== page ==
Archive for May 25, 2020

Measuring progress on CS learning trajectories at the earliest stages

I’ve written in this blog (and talked about many times) how I admire and build upon the work of Katie Rich, Diana Franklin, and colleagues in the Learning Trajectories for Everyday Computing project at the University of Chicago (see blog posts here and here). They define the sequence of concepts and goals that K-8 students need to be able to write programs consisting of sequential statements, to write programs that contain iteration, and to debug programs. While they ground their work in K-8 literature and empirical work, I believe that their trajectories apply to all students learning to program.

Here are some of the skills that appear in the early stages of their trajectories:

  • Precision and completeness are important when writing instructions in advance. 
  • Different sets of instructions can produce the same outcome. 
  • Programs are made by assembling instructions from a limited set. 
  • Some tasks involve repeating actions. 
  • Programs use conditions to end loops.  
  • Outcomes can be used to decide whether or not there are errors.
  • Reproducing a bug can help find and fix it.
  • Step-by-step execution of instructions can help find and fix errors.

These feel fundamental and necessary — that you have to learn all of these to progress in programming. But it’s pretty clear that that’s not true. As I describe in my SIGCSE keynote talk (the relevant 4 minute segment is here), there is lots of valuable programming that doesn’t require all of these. For example, most students programming in Scratch don’t use conditions to end loops — still, millions of students find expressive power in Scratch. The Bootstrap: Algebra curriculum doesn’t have students write their own iteration at all — but they learn algebra, which means that there is learning power in even a subset of this list.

What I find most fascinating about this list is the evidence that CS students older than K-8 do not have all these concepts. One of my favorite papers at Koli Calling last year was  It’s like computers speak a different language: Beginning Students’ Conceptions of Computer Science (see ACM DL link here — free downloads through June 30). They interviewed 14 University students about what they thought Computer Science was about. One of the explanations they labeled the “Interpreter.” Here’s an example quote exemplifying this perspective:

It’s like computers speak a different language. That’s how I always imagined it. Because I never understood exactly what was happening. I only saw what was happening. It’s like, for example, two people talking and suddenly one of them makes a somersault and the other doesn’t know why. And then I just learn the language to understand why he did the somersault. And so it was with the computers. 

This student finds the behavior of computers difficult to understand. They just do somersaults, and computer science is about coming to understand why they do somersaults? This doesn’t convey to me the belief that outcomes are completely and deterministically specified by the program.

I’ll write in June about Katie Cunningham’s paper to appear next month at the International Conference of the Learning Sciences. The short form is that she asked Data Science students at University to trace through a program. Two students refused, saying that they never traced code. They did not believe that “Step-by-step execution of instructions can help find and fix errors.” And yet, they were successful data science students.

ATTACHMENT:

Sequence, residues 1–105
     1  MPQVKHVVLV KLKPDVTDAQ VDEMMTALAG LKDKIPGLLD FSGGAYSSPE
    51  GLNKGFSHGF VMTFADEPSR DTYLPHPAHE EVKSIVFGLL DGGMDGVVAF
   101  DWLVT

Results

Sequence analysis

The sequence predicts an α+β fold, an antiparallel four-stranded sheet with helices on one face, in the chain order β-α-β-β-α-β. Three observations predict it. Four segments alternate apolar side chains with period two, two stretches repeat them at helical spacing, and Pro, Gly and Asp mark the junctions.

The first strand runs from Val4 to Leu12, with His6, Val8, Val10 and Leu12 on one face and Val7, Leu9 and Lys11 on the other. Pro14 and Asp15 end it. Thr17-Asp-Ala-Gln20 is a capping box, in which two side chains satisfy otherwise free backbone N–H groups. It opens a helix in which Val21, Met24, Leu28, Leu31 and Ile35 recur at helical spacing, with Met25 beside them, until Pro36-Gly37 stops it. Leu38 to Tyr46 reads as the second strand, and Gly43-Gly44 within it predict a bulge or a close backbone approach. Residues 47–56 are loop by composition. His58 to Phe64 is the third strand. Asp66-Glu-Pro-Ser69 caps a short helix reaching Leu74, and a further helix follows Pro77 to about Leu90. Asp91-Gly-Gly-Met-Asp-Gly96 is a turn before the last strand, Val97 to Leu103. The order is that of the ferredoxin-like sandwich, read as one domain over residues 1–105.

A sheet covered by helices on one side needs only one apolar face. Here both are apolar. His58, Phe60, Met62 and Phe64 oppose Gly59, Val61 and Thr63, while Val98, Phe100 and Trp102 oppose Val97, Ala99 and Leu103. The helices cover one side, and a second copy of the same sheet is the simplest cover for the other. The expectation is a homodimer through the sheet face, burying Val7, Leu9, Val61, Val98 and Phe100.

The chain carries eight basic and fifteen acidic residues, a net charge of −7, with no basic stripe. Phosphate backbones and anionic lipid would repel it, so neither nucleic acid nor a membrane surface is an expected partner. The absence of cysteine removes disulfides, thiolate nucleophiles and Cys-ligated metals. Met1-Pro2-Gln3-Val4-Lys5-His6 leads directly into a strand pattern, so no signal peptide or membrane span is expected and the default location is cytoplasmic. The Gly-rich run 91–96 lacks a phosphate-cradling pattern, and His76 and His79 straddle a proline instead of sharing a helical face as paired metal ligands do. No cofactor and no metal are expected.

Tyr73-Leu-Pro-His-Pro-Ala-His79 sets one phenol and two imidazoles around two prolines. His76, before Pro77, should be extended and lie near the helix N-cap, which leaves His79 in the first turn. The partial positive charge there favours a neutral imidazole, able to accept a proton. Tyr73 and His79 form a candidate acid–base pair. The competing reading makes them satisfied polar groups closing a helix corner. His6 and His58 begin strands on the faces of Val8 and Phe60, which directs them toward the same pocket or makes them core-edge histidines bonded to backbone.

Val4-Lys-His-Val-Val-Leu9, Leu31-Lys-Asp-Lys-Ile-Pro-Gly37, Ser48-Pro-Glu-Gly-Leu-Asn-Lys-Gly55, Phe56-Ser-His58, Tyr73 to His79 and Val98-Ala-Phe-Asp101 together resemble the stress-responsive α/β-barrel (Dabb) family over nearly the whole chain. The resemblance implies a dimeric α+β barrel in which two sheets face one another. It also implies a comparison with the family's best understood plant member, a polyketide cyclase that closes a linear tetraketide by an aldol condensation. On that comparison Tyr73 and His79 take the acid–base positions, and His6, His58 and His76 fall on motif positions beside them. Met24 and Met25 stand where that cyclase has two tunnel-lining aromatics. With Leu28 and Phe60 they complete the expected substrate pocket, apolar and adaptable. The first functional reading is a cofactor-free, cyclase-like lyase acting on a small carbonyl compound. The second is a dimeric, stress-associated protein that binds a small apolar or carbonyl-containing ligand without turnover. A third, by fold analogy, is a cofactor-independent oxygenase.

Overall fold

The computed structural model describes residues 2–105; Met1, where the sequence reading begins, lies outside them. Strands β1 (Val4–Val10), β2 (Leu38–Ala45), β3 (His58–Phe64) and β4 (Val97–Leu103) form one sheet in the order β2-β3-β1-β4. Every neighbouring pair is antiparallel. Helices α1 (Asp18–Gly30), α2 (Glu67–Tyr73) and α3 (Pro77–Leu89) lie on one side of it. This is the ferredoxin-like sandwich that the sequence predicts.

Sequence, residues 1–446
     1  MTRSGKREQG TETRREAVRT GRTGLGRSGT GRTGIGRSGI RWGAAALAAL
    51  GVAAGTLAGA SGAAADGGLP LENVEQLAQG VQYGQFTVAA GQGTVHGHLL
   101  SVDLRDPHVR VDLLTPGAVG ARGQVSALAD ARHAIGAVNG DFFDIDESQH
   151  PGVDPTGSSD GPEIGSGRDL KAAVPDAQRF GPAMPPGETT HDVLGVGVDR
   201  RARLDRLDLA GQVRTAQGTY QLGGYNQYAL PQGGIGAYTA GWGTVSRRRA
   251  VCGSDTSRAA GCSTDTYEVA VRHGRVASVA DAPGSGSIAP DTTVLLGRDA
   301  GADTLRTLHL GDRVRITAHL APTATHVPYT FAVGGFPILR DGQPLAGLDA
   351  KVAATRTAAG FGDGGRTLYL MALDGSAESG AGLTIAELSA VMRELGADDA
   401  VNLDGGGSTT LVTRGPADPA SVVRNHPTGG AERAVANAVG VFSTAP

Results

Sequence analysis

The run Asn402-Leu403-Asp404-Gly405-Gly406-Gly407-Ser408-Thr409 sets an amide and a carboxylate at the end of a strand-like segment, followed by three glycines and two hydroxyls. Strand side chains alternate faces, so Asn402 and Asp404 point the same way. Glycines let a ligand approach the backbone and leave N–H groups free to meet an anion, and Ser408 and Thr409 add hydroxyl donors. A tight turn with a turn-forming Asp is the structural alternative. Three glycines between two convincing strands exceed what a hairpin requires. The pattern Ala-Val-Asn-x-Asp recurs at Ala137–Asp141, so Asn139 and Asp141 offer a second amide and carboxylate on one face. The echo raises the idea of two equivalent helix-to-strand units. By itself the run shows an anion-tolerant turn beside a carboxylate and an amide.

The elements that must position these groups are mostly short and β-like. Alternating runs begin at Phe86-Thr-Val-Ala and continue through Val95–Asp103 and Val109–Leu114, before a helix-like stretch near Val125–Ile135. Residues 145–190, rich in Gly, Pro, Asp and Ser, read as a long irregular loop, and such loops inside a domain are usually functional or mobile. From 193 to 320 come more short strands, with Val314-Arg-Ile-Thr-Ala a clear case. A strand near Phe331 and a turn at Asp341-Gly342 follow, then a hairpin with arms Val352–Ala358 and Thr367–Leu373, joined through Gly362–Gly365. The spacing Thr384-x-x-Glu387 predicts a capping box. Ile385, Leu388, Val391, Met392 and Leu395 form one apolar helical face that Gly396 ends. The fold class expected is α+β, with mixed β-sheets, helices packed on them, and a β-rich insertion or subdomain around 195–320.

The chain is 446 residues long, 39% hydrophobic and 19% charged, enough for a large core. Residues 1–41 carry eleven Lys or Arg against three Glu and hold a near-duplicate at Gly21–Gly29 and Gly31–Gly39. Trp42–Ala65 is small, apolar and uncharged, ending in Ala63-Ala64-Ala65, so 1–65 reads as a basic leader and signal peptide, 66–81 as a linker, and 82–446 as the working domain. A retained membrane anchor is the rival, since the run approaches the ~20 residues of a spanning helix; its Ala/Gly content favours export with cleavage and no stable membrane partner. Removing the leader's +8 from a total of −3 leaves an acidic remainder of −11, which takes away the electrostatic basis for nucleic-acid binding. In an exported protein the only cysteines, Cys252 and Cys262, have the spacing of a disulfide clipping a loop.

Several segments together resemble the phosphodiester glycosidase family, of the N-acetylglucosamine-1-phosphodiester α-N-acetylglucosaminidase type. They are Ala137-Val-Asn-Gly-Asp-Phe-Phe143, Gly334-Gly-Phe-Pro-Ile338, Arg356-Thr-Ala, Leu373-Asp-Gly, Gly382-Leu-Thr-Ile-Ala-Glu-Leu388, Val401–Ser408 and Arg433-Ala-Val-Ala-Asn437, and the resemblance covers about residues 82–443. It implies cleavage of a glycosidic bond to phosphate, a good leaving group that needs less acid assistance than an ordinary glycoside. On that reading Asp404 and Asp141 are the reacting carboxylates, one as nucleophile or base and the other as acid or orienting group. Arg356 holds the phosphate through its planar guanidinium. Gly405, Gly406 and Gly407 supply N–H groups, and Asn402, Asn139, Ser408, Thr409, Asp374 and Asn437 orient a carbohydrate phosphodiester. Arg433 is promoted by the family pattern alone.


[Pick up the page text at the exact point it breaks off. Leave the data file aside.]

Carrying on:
You may not agree that these two examples (the Koli paper and Katie’s work) demonstrate that some University students do not have all the early concepts listed above, but that possibility brings us to the question that I’m really interested in: How would we know?

How can we assess whether students have these early concepts in the trajectories for learning programming? Just writing programs isn’t enough. 

  • How often do we ask students to write the same thing two ways? Do students realize that this is possible?
  • Students may realize that programming languages are “finicky” but may not realize that programming is about “precision and completeness.” 
  • Students re-run programs all the time (most often with no changes to the code in between!), but that’s not the same as seeing a value in reproducing a bug to help find and fix it. I have heard many students exclaim, “Okay, that bug went away — let’s turn it in.” (Or maybe that’s just a memory from when I said it as a student…)

These concepts really get at fundamental issues of transfer and plugged vs unplugged computing education. I bet that if students learn these concepts, they would transfer. They address what Roy Pea called “language-independent bugs” in programming. If a student understands these ideas about the nature of programs and programming, they will likely recognize that those are true in any programming language. That’s a testable hypothesis. Is it even possible to learn these concepts in unplugged forms? Will students believe you about the nature of programs and programming if they never program?

I find questions like these much more interesting than trying to assess computational thinking. We can’t agree on what computational thinking is. We can’t agree on the value of computational thinking. Programming is an important skill, and these are the concepts that lead to success in programming. Let’s figure out how to assess these.

May 25, 2020 at 7:00 am 15 comments


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